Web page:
What is Times Interest Earned Ratio?
The Times Interest Earned Ratio (TIE) measures a company’s ability to service its interest expense obligations based on its current operating income.
Otherwise known as the interest coverage ratio, the TIE ratio helps measure the credit health of a borrower. As a general rule of thumb, the higher the times interest earned ratio, the more capable the company is at paying off its interest expense on time.
How to Calculate Times Interest Earned Ratio (Step-by-Step)
The times interest earned ratio (TIE) compares the operating income (EBIT) of a company relative to the amount of interest expense due on its debt obligations.
Conceptually identical to the interest coverage ratio, the TIE ratio formula consists of dividing the company’s EBIT by the total interest expense on all debt securities.
Times Interest Earned Ratio Formula (TIE)
The formula for calculating the times interest earned (TIE) ratio is as follows.
The resulting ratio shows the number of times that a company could pay off its interest expense using its operating income.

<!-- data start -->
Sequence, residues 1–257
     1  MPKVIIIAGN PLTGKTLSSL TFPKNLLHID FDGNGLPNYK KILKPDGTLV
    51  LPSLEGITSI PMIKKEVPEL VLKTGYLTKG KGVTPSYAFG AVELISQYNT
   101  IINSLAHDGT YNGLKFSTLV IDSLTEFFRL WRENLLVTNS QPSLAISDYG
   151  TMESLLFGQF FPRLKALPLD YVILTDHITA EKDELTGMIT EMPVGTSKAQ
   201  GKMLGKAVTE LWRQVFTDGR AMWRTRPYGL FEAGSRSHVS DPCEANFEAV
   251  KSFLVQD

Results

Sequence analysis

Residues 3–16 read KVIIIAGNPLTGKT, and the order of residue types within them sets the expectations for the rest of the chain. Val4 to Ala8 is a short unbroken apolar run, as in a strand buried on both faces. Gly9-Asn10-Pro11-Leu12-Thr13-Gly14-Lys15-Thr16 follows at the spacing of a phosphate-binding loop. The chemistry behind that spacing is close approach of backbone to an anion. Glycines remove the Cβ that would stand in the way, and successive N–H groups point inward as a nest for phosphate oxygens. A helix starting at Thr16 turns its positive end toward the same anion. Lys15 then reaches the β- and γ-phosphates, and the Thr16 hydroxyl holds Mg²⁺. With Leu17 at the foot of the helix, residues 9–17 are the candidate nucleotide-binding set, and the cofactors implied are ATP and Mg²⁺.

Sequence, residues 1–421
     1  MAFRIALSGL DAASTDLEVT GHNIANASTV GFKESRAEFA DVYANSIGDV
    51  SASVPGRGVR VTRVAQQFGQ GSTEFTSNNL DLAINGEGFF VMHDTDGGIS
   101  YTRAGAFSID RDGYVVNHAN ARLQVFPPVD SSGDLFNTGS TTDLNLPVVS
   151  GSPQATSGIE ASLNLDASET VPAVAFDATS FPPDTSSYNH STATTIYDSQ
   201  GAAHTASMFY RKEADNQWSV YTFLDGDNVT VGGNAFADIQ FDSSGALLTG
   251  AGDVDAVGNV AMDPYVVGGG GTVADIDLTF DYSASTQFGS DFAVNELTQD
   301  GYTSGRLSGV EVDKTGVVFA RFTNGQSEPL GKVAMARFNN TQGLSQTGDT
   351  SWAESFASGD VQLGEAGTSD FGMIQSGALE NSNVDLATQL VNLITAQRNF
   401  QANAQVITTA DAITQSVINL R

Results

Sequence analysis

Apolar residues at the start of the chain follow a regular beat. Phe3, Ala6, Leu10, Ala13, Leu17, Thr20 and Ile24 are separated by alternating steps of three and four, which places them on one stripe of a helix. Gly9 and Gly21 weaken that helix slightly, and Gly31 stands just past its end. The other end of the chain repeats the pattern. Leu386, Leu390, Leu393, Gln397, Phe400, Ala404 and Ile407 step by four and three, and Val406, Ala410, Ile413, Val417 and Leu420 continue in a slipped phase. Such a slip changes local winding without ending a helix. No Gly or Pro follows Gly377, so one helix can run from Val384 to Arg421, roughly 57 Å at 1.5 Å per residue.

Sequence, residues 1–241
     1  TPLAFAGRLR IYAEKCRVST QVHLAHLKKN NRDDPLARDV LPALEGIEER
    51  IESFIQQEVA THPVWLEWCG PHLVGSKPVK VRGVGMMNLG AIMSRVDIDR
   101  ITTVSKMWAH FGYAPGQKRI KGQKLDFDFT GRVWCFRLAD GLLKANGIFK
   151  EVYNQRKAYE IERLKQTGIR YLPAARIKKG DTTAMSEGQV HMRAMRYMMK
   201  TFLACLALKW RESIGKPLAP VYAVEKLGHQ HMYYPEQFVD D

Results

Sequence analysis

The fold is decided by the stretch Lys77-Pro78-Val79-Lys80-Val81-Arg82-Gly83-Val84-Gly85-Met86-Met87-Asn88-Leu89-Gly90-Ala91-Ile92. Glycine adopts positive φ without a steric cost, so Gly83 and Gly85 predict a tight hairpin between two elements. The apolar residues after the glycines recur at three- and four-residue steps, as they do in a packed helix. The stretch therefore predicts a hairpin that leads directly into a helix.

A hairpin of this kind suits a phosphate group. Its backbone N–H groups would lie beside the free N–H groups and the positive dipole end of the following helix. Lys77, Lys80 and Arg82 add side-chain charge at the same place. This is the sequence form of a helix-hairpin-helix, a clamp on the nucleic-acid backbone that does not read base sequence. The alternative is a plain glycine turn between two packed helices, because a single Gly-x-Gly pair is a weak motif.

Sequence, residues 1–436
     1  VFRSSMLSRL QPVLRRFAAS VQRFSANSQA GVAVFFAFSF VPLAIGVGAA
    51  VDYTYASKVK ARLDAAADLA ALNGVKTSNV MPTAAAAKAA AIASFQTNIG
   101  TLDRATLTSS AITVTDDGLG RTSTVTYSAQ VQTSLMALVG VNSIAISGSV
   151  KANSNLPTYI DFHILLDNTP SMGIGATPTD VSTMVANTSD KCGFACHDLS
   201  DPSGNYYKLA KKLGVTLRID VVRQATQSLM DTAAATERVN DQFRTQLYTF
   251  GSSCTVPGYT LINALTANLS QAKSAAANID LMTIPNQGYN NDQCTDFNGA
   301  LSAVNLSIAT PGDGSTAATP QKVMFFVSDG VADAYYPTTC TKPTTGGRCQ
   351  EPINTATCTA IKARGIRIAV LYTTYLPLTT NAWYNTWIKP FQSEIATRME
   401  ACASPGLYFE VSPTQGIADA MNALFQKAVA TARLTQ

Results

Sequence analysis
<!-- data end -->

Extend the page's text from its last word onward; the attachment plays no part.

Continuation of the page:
Alternatively, other variations of the TIE ratio can use EBITDA as opposed to EBIT in the numerator.
How to Interpret Times Interest Earned Ratio (High or Low)
As a general rule of thumb, the higher the TIE ratio, the better off the company is from a risk standpoint.
- Higher TIE Ratio → The company likely has plenty of cash to service its interest payments and can continue to re-invest into its operations to generate consistent profits. If a company has a high TIE ratio, this signifies its creditworthiness as a borrower and the capacity to withstand underperformance due to the ample cushion (to satisfy its debt obligations) provided by its cash flows.
- Low TIE Ratio → On the other hand, a lower times interest earned ratio means that the company has less room for error and could be at risk of defaulting. Companies with lower TIE ratios tend to have sub-par profit margins and/or have taken on more debt than their cash flows could handle.
What is a Good TIE Ratio?
While there aren’t necessarily strict parameters that apply to all companies, a TIE ratio above 2.0x is considered to be the minimum acceptable range, with 3.0x+ being preferred.
But once a company’s TIE ratio dips below 2.0x, it could be a cause for concern – especially if it’s well below the historical range, as this potentially points towards more significant issues.